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قراءة كتاب The Young Franc Tireurs, and Their Adventures in the Franco-Prussian War

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The Young Franc Tireurs, and Their Adventures in the Franco-Prussian War

The Young Franc Tireurs, and Their Adventures in the Franco-Prussian War

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دار النشر: Project Gutenberg
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The Young Franc Tireurs

And Their Adventures in the Franco-Prussian War
By G. A. Henty.

Chapter 1: The Outbreak Of War.
Chapter 2: Terrible News.
Chapter 3: Death To The Spy!
Chapter 4: Starting For The Vosges.
Chapter 5: The First Engagement.
Chapter 6: The Tunnel Of Saverne.
Chapter 7: A Baffled Project.
Chapter 8: The Traitor.
Chapter 9: A Desperate Fight.
Chapter 10: The Bridge Of The Vesouze.
Chapter 11: A Fight In The Vosges.
Chapter 12: The Surprise.
Chapter 13: The Escape.
Chapter 14: A Perilous Expedition.
Chapter 15: The Expedition.
Chapter 16: A Desperate Attempt.
Chapter 17: A Balloon Voyage.
Chapter 18: A Day Of Victory.
Chapter 19: Down At Last.
Chapter 20: Crossing The Lines.
Chapter 21: Home.

Rescue of a Supposed Spy.
Among the German Soldiers.
The Children on the Battlefield.
The Sea! The Sea!


My Dear Lads,

The present story was written and published a few months, only, after the termination of the Franco-German war. At that time the plan--which I have since carried out in The Young Buglers, Cornet of Horse, and In Times of Peril, and which I hope to continue, in further volumes--of giving, under the guise of historical tales, full and accurate accounts of all the leading events of great wars, had not occurred to me. My object was only to represent one phase of the struggle--the action of the bodies of volunteer troops known as franc tireurs.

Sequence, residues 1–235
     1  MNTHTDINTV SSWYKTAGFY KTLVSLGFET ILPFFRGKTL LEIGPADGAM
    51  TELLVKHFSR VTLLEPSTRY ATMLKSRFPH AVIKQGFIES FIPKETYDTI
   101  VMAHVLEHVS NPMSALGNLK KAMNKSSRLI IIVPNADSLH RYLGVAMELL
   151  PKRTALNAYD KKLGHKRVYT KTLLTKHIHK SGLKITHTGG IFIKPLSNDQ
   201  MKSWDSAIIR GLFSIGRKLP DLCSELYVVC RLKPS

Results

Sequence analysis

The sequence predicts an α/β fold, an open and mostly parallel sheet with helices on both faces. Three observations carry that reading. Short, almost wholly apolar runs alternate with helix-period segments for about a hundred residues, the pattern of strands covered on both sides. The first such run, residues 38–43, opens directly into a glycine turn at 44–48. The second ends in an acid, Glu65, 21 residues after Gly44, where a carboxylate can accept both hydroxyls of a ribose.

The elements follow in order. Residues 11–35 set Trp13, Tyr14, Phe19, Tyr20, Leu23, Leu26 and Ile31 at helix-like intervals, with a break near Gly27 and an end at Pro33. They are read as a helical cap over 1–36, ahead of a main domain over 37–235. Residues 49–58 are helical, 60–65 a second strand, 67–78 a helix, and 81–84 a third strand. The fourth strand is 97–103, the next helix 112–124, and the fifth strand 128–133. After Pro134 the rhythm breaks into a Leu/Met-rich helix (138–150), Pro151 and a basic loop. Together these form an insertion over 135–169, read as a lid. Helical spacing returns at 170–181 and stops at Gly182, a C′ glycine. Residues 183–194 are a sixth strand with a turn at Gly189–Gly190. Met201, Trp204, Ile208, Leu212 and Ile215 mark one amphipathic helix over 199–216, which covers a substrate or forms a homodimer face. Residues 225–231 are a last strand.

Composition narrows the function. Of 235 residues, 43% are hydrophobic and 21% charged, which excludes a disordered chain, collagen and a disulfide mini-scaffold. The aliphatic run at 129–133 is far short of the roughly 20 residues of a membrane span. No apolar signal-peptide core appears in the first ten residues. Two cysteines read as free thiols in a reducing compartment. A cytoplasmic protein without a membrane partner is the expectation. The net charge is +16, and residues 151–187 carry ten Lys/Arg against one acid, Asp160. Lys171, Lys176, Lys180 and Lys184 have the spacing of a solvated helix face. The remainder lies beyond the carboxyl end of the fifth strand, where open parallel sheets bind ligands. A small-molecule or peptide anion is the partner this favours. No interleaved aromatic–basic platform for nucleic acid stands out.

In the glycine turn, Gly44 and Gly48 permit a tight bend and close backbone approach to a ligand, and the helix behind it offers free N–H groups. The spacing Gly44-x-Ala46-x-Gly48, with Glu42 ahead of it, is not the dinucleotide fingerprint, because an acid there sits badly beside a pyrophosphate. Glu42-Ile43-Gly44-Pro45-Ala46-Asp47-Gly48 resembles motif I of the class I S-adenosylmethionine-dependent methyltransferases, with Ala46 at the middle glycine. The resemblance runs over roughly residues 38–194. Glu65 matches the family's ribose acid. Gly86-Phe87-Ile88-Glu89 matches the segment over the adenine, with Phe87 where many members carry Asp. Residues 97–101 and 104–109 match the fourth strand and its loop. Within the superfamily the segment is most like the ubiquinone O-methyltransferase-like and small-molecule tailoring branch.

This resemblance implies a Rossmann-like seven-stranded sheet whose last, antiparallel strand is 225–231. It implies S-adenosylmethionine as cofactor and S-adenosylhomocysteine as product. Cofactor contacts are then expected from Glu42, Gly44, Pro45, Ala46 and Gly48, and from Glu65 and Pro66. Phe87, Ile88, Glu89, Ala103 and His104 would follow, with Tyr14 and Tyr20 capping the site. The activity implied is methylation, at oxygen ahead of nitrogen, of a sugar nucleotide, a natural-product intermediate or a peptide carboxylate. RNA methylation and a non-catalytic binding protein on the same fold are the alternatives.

The story is laid in France and is, therefore, written from the French point of view. The names, places, and dates have been changed; but circumstances and incidents are true. There were a good many English among the franc tireurs, and boys of from fifteen to sixteen were by no means uncommon in their ranks. Having been abroad during the whole of the war, I saw a good deal of these irregulars, and had several intimate friends amongst them. Upon the whole, these corps did much less service to the cause of France than might have been reasonably expected. They were too often badly led, and were sometimes absolutely worse than useless.

But there were brilliant exceptions, and very many of those daring actions were performed which--while requiring heroism and courage of the highest kind--are unknown to the world in general, and find no place in history. Many of the occurrences in this tale are related, almost in the words in which they were described to me, by those who took part in them; and nearly every fact and circumstance actually occurred, according to my own knowledge. Without aspiring to the rank of a history, however slight, the story will give you a fair idea of what the life of the franc tireurs was, and of what some of them actually went through, suffered, and performed.